As his backing is considered essential to the success and stability of the Iraqi state, Americans have not condemned fundamentalist leader Ayatollah Ali Al-Sistani. Worst of all, the United States of America has set a terrible example for the Iraqis to follow by failing to pursue full gay and lesbian rights within the United States itself. Anti-gay campaigns such as those against gay marriage and civil unions, against the inclusion of gay people under employment anti-discrimination laws, resistance to gay hate crimes legislation, and the military "don't ask don't tell" policy contribute to Iraqi and international impressions that the world's great champion of liberty and equal rights does not care about its own gay and lesbian citizens, let alone those of other nations. This study will examine each of these issues and propose possible solutions. The United States must maintain its commitment to human rights. It must set a good example, and stand by its principles. Gay and lesbian Iraqis must be rescued from a fate that is worse than anything that befell them in the days of the dictator Saddam Hussein.

Part II.

Background: The United States Invasion of Iraq and Humanitarian Claims and Responsibilities

A. The Invasion

In 2003, George W. Bush invaded the sovereign nation of Iraq based on claims that the country's ruler, the dictator Saddam Hussein, was stockpiling weapons of mass destruction and so presented a clear and present danger to the United States of America, its allies, and the wider international community. In the months previous to the American invasion, Hussein had permitted United Nations weapons inspectors to look for such weapons. As of March 2003, none had been found. The United Nations Security Council did not endorse American requests to pass a new resolution permitting the Americans to invade. Failing to obtain this new resolution, President Bush declared that the resolution authorizing the weapons inspections, Resolution 1441, had in fact authorized the use of military force as a means of enforcement.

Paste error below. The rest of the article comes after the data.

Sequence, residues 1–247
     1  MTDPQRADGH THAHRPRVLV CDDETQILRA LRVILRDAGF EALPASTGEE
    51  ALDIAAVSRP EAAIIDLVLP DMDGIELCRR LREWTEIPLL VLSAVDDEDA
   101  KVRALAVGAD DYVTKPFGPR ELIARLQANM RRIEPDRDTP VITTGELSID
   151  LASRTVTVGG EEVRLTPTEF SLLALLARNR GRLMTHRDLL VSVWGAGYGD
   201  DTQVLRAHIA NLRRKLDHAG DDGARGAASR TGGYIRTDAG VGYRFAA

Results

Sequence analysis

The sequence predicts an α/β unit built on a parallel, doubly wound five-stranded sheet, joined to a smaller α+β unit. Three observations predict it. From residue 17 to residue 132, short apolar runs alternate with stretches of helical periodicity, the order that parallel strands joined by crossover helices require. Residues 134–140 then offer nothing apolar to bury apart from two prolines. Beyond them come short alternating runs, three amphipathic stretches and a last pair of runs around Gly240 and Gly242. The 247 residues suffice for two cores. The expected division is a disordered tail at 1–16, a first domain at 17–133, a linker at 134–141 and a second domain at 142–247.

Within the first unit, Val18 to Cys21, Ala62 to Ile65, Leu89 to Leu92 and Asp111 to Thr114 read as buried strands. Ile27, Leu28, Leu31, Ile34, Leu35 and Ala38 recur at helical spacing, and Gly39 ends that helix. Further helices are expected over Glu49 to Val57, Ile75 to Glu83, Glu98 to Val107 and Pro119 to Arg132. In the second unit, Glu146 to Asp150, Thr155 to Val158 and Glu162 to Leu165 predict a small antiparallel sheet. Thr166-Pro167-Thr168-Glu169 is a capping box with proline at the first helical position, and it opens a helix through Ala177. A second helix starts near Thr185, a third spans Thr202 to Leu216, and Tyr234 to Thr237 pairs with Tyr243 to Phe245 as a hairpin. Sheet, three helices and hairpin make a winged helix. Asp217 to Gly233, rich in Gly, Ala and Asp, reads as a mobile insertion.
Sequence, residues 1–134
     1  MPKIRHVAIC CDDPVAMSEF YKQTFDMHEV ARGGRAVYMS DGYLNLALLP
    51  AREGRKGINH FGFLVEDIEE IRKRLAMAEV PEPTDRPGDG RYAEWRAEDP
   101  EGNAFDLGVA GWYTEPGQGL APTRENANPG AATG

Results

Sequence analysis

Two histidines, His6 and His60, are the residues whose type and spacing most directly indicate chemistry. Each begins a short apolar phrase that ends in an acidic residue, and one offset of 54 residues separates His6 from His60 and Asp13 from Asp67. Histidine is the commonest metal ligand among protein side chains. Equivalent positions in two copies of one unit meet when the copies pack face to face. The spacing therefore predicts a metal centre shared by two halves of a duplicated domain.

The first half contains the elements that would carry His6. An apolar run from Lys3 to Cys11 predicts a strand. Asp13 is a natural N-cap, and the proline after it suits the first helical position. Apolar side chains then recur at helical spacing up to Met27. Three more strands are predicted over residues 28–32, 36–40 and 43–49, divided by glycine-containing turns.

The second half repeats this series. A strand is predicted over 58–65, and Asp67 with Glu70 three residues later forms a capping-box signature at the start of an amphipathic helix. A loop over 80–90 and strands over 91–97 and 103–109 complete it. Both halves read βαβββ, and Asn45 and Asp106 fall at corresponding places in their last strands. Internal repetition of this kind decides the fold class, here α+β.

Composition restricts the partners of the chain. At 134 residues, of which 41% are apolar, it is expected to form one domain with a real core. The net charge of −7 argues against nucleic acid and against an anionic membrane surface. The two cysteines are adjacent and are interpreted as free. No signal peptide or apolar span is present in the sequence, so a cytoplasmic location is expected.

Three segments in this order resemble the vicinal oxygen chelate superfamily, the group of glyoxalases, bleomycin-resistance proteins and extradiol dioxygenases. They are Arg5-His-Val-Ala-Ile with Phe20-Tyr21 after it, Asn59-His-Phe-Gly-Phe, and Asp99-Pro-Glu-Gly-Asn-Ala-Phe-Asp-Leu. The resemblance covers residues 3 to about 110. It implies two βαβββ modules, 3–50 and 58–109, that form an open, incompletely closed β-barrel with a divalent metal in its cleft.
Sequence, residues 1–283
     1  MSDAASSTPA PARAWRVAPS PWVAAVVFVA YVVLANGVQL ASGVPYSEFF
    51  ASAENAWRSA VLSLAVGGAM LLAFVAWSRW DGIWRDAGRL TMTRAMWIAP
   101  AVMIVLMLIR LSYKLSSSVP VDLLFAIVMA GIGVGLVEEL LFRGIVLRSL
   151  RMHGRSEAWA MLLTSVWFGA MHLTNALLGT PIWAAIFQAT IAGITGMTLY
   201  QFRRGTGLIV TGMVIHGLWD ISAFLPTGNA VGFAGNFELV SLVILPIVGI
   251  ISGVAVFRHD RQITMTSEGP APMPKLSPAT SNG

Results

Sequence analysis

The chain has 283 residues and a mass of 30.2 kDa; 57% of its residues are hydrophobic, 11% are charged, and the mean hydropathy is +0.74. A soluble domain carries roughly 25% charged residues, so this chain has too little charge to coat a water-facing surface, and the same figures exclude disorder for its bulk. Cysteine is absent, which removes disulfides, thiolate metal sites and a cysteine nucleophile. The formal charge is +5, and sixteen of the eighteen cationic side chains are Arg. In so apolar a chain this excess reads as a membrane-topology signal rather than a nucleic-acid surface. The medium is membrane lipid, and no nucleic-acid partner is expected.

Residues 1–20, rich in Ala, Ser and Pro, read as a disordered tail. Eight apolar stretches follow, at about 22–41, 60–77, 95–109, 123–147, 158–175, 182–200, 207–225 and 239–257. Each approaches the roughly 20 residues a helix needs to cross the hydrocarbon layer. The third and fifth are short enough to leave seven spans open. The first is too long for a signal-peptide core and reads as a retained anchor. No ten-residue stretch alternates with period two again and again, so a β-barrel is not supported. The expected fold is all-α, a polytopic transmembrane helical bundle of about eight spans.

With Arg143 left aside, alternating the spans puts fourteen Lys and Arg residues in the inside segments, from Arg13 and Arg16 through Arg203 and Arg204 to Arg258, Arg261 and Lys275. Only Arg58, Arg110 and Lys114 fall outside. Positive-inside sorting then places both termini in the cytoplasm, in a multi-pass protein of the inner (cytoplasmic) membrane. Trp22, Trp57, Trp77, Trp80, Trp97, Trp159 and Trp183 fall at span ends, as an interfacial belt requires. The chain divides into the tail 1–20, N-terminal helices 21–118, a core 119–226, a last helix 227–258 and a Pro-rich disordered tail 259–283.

Though, three of the five Security Council members - France, Russia, and China - were adamantly opposed to military action unsupported by evidence of weapons of mass destruction and denied the applicability of 1441, the Bush Administration had already been preparing other justifications with the American public. The Bush Administration played the propaganda card, using the full force of the federal bureaucracy to continually insinuate a connection between Saddam Hussein and the attacks of September 11, 2001. Mentioned again and again in the same sentence or paragraph, the two became conflated in the public mind. A lack of real evidence to prove that Hussein's regime was, in fact, harboring or developing chemical, biological, or nuclear weapons, was transmuted into a threat to terrible to contemplate. Governmental officials worked the Iraq threat into virtually every speech. Saddam and 9/11 were pounded into the public consciousness. President Bush was now beginning to present his new doctrine of "Preventive War" - a new paradigm of international relations in which a state would take its defense into its own hands before a threat had actually presented itself. It was, in effect, an original interpretation of hard power doctrines in which even a superpower such as the United States could be seen as constantly at the mercy of all-powerful, all-pervasive, and ever-threatening dark forces; terrorist organizations like Al Qaeda. Saddam Hussein's Iraq would be deserving of attack under the doctrine of preventive war by being a "rogue state," one whose rulers,